The virus neutralization assays also revealed strain-specific differences in the biological importance of sialylated core 1 O-glycan oligosaccharides to influenza H1N1sea and H3N2 subtypes. All investigated O-glycan oligosaccharides showed strong inhibitory potency towards human H3N2 influenza virus. In contrast, H1N1sea infection of MDCK.2 cells was less adversely affected by sialylated core 1 structures; for example the soluble O-glycan 6-Sialyl-Galβ(1,3)GalNAc fragment was approximately 14-fold less effective than 6-SL/SLN in competing with glycan receptors on the host cell surface. However, sialylated O-glycoforms clearly bound to H1N1sea suggesting that they may act like attachment factors to support initiation of the infection cycle. We have demonstrated for the first time that particular avian H5 influenza strains can infect CHO Lec1 cells via O-glycan receptors. Chu and Whittaker postulated that influenza viruses could not infect CHO Lec1 cells due to the lack of complex and sialylated N-glycans33, however in that study influenza viruses A/WSN/33(H1N1), Udorn/307/72(H3N2) and influenza B/Yamagata/78 were used, but no avian influenza strains were tested.

In conclusion, our study sheds light on the involvement of the Sialyl-Galβ(1,3)GalNAc O-glycoforms during IAV infection, suggesting a similar important role as Sialyl-Lac/LacNAc motifs for certain influenza strains. Furthermore, it provides the first evidence of a non-sialic acid residue, namely O-glycan-specific GalNAc, playing a crucial role in HPAI pathogenesis. This outcome opens a new direction for structure-assisted drug design and may facilitate the development of potent anti-influenza drugs especially towards HPAI strains that threaten the human population.


Immunocytochemistry and image analysis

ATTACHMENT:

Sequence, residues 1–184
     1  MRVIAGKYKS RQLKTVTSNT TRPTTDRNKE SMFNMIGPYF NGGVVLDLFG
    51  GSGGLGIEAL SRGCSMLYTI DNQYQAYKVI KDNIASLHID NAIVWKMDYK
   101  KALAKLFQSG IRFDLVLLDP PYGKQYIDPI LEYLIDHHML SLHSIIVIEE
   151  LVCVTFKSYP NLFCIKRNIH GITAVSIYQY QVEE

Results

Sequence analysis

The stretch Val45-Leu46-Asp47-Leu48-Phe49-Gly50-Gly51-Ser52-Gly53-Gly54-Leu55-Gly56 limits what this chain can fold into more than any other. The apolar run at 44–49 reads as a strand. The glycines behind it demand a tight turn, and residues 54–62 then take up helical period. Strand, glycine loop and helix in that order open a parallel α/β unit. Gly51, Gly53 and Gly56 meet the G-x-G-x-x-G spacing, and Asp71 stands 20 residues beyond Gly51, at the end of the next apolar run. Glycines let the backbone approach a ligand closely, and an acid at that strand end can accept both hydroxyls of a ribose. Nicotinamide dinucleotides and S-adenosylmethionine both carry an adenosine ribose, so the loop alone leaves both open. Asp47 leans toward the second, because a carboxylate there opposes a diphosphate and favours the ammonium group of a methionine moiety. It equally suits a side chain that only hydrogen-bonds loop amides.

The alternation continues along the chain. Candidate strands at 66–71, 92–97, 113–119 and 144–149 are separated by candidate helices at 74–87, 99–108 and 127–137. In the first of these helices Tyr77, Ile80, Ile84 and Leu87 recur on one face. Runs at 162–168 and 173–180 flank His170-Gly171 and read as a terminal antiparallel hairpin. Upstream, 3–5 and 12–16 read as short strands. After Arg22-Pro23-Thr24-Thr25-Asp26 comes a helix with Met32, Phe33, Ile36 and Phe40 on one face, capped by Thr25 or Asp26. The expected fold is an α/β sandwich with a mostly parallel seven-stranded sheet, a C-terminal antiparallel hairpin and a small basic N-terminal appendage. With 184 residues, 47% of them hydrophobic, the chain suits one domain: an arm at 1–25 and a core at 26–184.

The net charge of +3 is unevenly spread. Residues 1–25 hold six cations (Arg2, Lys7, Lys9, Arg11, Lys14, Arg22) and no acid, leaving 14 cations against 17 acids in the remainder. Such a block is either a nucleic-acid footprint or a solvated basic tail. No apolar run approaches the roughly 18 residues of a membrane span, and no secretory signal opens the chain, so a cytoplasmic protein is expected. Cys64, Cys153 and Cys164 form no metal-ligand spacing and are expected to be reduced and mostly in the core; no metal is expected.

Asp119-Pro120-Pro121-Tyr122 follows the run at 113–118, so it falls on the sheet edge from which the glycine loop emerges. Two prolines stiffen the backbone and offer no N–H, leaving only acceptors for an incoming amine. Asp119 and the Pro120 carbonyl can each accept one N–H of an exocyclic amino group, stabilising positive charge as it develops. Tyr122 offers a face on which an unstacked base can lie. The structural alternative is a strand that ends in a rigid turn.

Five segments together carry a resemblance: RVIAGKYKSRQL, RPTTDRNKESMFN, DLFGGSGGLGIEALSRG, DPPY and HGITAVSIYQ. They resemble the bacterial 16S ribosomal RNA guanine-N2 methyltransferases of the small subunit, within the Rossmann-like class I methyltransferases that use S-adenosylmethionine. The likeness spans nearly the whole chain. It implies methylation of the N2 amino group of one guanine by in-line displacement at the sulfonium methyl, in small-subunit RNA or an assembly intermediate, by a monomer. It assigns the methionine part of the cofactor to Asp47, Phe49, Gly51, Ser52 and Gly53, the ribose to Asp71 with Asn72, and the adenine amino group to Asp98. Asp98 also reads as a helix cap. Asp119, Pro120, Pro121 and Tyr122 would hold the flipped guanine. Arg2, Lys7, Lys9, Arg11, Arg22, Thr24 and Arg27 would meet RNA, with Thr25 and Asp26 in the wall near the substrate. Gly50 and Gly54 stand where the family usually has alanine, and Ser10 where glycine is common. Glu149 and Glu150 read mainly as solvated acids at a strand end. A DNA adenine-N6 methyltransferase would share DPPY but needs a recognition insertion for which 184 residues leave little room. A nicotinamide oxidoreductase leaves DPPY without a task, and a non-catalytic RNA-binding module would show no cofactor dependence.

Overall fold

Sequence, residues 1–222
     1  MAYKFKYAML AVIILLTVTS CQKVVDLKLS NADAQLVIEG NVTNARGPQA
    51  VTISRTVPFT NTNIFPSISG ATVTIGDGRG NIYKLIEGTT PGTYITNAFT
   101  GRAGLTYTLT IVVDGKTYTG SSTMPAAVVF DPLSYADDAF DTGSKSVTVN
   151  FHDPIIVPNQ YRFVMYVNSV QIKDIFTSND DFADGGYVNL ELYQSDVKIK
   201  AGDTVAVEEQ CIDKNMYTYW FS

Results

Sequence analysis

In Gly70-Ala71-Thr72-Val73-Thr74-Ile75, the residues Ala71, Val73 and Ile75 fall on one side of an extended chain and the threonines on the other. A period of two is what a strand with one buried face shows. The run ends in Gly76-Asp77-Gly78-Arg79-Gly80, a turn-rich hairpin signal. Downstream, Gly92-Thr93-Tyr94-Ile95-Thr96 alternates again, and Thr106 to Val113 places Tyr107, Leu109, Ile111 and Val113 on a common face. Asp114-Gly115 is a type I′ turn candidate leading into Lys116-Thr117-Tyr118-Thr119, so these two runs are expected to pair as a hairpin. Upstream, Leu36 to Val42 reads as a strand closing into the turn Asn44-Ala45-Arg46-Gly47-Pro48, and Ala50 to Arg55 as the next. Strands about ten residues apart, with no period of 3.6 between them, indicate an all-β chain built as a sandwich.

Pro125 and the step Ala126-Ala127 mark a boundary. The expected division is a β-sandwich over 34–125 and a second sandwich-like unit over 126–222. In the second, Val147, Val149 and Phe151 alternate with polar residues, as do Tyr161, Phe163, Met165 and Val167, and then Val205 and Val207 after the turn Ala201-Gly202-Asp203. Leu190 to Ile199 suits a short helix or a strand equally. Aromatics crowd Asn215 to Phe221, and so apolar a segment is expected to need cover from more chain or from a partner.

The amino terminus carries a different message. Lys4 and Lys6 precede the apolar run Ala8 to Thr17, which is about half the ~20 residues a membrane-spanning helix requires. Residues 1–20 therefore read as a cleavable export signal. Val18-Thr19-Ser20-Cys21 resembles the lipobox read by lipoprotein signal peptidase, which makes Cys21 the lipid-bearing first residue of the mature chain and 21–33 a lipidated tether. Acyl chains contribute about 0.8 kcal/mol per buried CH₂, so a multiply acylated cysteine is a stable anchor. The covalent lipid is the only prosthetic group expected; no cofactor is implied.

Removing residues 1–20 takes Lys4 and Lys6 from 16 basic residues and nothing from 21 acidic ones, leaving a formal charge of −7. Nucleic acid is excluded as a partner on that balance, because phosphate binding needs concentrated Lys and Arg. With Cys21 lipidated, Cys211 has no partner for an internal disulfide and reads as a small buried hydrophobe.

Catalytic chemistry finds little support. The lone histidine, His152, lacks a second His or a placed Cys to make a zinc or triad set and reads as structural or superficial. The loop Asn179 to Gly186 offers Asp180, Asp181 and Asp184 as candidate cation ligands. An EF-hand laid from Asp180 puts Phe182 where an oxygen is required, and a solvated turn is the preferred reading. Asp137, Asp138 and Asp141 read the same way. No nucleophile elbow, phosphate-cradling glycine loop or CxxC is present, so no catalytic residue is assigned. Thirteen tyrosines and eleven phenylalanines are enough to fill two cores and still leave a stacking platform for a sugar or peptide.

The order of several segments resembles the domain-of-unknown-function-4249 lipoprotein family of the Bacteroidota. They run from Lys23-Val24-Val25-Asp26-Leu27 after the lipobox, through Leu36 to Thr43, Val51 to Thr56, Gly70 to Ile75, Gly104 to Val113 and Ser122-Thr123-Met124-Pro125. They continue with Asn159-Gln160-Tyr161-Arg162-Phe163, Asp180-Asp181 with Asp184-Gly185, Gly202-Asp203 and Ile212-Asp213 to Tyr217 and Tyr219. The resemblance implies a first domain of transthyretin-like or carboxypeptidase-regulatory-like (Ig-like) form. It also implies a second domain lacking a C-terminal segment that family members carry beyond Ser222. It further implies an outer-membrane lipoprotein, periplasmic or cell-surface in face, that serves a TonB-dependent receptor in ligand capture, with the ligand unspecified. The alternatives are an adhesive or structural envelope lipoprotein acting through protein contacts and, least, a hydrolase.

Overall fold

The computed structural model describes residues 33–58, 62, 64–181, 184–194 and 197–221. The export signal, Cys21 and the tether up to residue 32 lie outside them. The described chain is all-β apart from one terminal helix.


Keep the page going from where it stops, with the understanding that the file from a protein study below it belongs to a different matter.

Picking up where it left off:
Coverslips were washed with TBS and 0.1% Tween 20 (Sigma P-1379) for 30 min at room temperature (RT) then blocked with 10% normal rabbit serum for 10 min. They were then incubated with 1/25 HB65 for 30 min at RT followed by 1/200 biotinylated rabbit anti-mouse (Dako Cytomation E-0354) for 30 min at RT and incubated with Elite-ABC kit (Vectorlab PK-6100) diluted 1/50 for 30 min at RT. Colour was developed with the Vector Red substrate kit (Vector Labs SK-5100) and counterstaining with Mayer’s hematoxylin. Slides were scanned using Aperio Scanscope CS-S microscopic slide scanning system and proprietary image analysis counting the number of positive cells as a percentage of the total cell population with on average 6,000 to 12,000 cells counted/region and three regions per coverslip assessed (mean ± standard deviation). For staining with sialyltransferase antibodies coverslips were transferred to PBS then treated with 0.1% Tween 20 in TBS for 30 min RT then blocked with 2.5% normal horse serum (NH) for 5 min at RT. Primary antibody was applied (ST6GAL1 (R&D System AF5924), ST6GalNAc1 (Novus NBP1–87043), and ST6GalNAc2 (Novus NBP2–13392)) followed by biotinylated horse anti-goat IgG, then streptavidin, alkaline phosphatase conjugated 1/50, and development with VECTOR Red alkaline phosphatase (AP) substrate kit with levamisole solution added followed by counterstaining with Mayer’s hematoxylin. Sections were stained using the same primary antibodies following antigen retrieval using microwave sections in 10 mM citrate buffer pH 6.0 at 95 °C for 15 min.